Joho the Blogtech Archives - Joho the Blog

August 4, 2015

Posting to WordPress without WordPress

Perhaps you’d like to post to your WordPress blog from an app that isn’t WordPress.

I know I do. I write most of my posts in an editor (javascript + php) I’ve worked on for over ten years. Someday I’ll clean it up and post it at GitHub so you can all have a laugh. Meanwhile, it intermittently loses its ability to post straight to my blog, so I have to copy and paste the text into the WP editor. But I fixed it again today. So, here’s a tutorial for people at my level of non-technicality. (I got huge help from a post at HurricaneSoftware. Thanks!)

First, make sure that the file xmlrpc.php is installed where you’ve installed your WordPress blog software. This file comes from WordPress itself, and it should be there automatically. Check the permissions; I think it should be 644 but I am terrible at permissions.

I run my homegrown editor from my Mac, using the Apache web server that MAMP supplies. That lets me write blog posts even when I’m not online. That means the directory from which I’m running my JavaScript and PHP is on my hard drive. I keep these files in  /Applications/MAMP/htdocs/blogdraft/. (Blogdraft is the name of the folder in which my code resides.) To the web server, the address looks like this: /localhost/blogdraft/.

The operative part of this is your PHP file. Create an empty text file and name it, let’s say, postViaXmlrcp.php. For a first pass, it should look like this—and the brunt of this comes straight from HurricaneSoftware:

1

<?php

 
2

// Modified from:

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// http://www.hurricanesoftwares.com/wordpress-xmlrpc-posting-content-from-outside-wordpress-admin-panel/

4

// Thanks!!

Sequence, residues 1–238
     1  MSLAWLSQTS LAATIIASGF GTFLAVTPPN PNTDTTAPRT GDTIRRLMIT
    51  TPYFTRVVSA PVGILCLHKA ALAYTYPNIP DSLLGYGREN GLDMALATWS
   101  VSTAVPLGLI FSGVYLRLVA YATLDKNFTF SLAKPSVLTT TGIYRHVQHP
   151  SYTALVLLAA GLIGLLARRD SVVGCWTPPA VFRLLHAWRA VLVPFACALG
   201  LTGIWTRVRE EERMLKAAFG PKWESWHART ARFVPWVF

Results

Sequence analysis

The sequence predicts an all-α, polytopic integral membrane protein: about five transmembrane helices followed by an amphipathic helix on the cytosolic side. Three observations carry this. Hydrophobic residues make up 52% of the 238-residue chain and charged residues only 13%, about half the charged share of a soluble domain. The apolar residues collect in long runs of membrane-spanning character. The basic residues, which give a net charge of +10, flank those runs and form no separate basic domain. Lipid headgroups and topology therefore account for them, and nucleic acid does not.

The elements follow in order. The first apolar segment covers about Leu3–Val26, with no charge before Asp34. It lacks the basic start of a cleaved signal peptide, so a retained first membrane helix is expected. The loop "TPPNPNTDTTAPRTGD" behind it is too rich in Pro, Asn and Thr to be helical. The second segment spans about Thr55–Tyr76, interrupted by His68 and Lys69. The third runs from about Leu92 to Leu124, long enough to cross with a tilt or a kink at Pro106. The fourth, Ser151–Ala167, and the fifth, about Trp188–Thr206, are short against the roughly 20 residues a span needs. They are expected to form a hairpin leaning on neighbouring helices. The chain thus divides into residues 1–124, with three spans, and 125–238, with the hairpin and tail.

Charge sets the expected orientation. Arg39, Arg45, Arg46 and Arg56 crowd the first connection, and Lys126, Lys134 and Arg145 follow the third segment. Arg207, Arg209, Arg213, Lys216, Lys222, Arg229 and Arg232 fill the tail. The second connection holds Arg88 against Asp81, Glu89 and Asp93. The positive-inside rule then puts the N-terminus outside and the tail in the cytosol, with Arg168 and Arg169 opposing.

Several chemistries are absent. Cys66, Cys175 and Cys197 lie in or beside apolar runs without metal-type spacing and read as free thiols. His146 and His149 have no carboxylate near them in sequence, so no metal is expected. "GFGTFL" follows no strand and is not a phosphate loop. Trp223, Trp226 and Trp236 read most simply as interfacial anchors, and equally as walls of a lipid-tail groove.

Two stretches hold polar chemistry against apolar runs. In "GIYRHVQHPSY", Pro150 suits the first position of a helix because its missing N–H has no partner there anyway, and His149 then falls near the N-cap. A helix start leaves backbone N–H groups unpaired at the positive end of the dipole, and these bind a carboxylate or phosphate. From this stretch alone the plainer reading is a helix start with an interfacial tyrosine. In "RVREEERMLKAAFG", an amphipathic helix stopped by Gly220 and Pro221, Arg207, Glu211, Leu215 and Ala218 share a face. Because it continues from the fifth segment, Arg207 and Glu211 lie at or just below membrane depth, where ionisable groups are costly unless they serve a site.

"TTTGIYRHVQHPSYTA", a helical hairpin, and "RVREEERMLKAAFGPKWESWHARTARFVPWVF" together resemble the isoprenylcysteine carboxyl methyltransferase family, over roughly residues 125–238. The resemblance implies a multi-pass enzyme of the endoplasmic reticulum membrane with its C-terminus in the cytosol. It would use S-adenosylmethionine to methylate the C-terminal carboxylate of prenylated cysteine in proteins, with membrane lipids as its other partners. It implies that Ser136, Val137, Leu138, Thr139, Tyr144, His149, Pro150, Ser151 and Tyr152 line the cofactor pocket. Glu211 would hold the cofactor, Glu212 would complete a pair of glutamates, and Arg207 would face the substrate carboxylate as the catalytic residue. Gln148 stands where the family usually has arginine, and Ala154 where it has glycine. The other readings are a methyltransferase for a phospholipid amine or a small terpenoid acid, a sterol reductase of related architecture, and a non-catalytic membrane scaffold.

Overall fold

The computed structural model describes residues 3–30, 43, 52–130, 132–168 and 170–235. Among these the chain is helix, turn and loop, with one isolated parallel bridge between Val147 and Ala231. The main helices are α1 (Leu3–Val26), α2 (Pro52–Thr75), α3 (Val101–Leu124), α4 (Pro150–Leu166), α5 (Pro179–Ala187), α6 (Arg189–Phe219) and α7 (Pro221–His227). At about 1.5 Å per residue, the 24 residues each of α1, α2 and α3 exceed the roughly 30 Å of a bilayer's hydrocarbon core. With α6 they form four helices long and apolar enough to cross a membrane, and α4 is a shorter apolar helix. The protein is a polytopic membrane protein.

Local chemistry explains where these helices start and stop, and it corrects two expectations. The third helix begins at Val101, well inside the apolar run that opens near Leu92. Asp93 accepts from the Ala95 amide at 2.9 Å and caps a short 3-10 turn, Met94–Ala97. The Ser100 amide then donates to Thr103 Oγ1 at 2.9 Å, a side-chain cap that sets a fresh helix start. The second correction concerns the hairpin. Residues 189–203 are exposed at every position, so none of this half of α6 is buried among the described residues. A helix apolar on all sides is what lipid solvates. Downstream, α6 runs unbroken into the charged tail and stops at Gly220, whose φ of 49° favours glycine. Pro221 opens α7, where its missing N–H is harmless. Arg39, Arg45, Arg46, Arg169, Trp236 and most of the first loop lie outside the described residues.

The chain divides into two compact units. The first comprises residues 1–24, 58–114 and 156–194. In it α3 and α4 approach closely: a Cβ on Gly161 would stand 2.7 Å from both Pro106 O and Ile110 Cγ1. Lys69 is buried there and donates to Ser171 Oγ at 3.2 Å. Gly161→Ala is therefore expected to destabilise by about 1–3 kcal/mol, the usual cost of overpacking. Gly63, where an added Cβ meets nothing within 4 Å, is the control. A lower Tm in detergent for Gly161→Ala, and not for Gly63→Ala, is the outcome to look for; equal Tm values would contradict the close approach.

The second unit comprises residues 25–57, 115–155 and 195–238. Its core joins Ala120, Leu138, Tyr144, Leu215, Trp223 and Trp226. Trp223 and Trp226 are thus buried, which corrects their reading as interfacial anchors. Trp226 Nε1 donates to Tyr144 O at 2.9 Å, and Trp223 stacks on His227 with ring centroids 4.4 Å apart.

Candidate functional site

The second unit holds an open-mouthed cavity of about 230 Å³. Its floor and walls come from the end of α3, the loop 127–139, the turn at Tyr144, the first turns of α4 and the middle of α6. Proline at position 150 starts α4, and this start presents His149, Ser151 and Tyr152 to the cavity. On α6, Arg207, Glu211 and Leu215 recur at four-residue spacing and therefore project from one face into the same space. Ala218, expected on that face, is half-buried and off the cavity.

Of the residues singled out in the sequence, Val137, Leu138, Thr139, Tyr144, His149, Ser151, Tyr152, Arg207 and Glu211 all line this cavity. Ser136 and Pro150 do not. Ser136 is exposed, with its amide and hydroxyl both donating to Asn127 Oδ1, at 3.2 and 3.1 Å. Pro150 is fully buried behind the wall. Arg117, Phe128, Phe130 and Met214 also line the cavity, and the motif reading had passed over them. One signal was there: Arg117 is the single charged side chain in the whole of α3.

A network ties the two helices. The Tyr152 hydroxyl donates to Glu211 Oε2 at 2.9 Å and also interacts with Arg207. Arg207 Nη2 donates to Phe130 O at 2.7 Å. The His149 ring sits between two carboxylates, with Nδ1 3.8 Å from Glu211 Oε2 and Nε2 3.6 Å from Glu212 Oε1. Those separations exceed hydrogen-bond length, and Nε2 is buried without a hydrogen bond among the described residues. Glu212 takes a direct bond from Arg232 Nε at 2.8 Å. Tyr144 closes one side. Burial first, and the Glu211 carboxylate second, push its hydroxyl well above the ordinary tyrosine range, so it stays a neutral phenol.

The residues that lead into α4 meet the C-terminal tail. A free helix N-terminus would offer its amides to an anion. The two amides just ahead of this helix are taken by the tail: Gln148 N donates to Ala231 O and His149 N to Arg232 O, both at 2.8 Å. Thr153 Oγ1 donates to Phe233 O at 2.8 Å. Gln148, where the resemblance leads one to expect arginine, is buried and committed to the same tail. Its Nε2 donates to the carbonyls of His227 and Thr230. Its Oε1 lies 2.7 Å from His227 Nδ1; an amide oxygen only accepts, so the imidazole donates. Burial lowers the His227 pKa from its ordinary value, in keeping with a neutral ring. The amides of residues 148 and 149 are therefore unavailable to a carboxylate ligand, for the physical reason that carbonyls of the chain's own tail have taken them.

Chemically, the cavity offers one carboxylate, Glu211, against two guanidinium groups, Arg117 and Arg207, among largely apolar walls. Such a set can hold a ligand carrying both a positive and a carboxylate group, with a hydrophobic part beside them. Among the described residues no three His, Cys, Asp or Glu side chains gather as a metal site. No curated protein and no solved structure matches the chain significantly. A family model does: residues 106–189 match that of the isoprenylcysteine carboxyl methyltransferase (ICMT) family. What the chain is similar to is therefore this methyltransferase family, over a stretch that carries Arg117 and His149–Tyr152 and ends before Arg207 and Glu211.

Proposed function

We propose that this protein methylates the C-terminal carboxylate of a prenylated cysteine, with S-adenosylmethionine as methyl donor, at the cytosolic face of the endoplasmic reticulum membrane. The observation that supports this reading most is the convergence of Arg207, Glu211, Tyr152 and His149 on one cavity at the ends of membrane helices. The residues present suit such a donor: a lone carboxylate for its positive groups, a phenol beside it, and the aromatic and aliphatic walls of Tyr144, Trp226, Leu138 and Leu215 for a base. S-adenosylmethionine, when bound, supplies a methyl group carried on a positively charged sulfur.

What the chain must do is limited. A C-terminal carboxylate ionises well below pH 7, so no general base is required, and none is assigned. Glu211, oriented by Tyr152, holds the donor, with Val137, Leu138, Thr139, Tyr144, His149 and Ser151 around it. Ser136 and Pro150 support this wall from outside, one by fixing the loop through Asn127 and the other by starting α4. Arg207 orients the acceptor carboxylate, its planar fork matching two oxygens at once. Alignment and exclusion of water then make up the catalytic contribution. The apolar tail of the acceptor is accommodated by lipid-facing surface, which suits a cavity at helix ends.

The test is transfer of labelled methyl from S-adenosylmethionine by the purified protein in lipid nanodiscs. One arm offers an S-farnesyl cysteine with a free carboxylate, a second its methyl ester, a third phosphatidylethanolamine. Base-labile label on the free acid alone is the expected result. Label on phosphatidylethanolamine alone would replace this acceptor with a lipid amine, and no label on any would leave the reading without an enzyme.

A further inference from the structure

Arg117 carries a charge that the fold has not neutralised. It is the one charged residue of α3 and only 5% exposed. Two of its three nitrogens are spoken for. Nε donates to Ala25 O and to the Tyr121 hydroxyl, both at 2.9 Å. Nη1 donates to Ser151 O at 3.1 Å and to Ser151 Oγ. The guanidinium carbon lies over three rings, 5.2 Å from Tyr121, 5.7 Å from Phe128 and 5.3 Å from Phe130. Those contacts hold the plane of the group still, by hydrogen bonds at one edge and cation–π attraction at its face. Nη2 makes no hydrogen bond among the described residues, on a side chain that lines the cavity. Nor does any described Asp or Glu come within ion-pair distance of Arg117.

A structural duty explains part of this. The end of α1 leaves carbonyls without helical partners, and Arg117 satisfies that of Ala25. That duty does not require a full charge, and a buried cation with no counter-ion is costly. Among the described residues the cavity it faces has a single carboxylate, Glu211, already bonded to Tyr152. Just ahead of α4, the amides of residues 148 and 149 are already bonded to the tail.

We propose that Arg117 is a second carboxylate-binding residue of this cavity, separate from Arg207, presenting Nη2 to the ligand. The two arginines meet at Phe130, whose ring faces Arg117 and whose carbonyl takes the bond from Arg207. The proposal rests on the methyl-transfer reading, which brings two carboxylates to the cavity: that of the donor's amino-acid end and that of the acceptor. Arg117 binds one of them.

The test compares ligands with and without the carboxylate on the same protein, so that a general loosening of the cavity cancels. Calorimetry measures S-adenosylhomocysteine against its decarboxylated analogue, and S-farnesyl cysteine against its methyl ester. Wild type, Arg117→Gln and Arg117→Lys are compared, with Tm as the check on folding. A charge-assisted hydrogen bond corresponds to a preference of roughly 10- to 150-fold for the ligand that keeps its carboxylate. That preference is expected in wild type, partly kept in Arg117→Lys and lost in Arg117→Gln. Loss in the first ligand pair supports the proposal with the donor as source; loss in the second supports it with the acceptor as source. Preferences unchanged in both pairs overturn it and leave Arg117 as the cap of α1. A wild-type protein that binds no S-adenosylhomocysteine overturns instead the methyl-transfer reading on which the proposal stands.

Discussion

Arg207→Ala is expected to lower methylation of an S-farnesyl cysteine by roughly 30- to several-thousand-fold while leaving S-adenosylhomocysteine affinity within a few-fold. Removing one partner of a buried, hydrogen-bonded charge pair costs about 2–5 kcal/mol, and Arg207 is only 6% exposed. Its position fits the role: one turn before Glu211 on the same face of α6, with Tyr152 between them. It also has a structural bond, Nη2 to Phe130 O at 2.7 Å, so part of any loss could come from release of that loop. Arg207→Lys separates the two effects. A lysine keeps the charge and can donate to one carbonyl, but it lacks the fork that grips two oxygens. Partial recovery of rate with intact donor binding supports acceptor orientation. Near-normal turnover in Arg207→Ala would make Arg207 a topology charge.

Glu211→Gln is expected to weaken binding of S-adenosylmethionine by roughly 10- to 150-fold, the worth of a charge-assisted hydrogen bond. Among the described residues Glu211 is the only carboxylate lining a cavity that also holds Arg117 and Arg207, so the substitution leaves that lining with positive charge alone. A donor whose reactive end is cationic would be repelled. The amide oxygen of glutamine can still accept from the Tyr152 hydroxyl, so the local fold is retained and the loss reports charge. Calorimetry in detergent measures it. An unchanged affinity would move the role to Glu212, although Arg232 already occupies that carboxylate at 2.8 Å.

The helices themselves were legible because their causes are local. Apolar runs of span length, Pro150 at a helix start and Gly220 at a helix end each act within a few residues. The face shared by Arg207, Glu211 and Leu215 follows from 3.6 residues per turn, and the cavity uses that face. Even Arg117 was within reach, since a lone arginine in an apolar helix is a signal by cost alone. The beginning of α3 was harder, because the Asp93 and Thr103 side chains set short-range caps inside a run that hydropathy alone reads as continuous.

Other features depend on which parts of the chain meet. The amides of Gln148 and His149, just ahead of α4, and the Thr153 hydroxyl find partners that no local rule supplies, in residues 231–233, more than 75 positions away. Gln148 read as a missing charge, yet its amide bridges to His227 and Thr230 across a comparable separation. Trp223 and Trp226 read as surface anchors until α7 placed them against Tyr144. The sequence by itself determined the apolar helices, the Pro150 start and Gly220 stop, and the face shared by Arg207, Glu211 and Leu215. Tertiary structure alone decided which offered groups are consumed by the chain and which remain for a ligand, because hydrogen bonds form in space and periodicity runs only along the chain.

5

require_once(“IXR_Library.php.inc”);

6

$client->debug = true; //Set it to false in Production Environment

 
7

$title=$_REQUEST[‘title’];

8

$body=$_REQUEST[‘body’];

9

$keywords=$_REQUEST[‘tags’];

10

$category=$_REQUEST[‘categoryArray’];

11

$customfields=null;

 

12

$encoding = ini_get(“default_charset”);

13

$title = htmlentities($title,ENT_QUOTES,$encoding);

14

$keywords = htmlentities($keywords,ENT_QUOTES,$encoding);

 

15

$content = array(

16

‘title’=>$title,

17

‘description’=>$body,

18

‘mt_allow_comments’=>1, // 1 to allow comments

19

‘mt_allow_pings’=>1, // 1 to allow trackbacks

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‘post_type’=>’post’,

21

‘mt_keywords’=>$keywords,

22

‘categories’=>$category,

23

‘custom_fields’ => array($customfields)

24

);

 

25

// Create the client object

26

$client = new IXR_Client(‘http://www.yourblog.com/myWP/xmlrpc.php’);

27

$username = “your-WP-username”;

28

$password = “your-WP-password”;

 

29

$params = array(0,$username,$password,$content,true); // Last parameter is ‘true’ which means post immediately, to save as draft set it as ‘false’

 

30

// Run a query for PHP

31

if (!$client->query(‘metaWeblog.newPost’, $params)) {

32

die(‘Something went wrong – ‘.$client->getErrorCode().’ : ‘.$client->getErrorMessage());

33

} else { echo “Article Posted Successfully”; }

34

?>

This PHP script relies upon another one, so you have to load it. “Require_once” will do so, and it will remember that it has done so during a session so you won’t waste computer resources reloading it every time you run this script.

You can get this script here. Right click on that link and choose “Save file as…” or however your browser puts it. Put it in the same directory as your PHP script. Make sure you name it “IXR_Librabry.php.inc.” Set its permissions. (See above.) Then leave it alone. 

7

$title=$_REQUEST[‘title’];

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$body=$_REQUEST[‘body’];

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$keywords=$_REQUEST[‘tags’];

10

$category=$_REQUEST[‘categoryArray’];

11

$customfields=null;

These lines read data that you’ve sent from the JavaScript that we haven’t written yet. It assigns them to some pretty obviously-named PHP variables.

Notice that we’re doing nothing with the $customfields variable. That’s because I don’t know what to do with it. I would have just deleted that line, but it scares me. And yet fascinates me.

12

$encoding = ini_get(“default_charset”);

13

$title = htmlentities($title,ENT_QUOTES,$encoding);

14

$keywords = htmlentities($keywords,ENT_QUOTES,$encoding);

htmlentities is a PHP function that makes sure that your HTML with all of its weird characters arrive without being translated into something more literal and wrong. Line 12 tells it which character encoding to use. I could have decided on one for you, but instead I’m just using whichever one you already use. We have already established I’m a coward, right?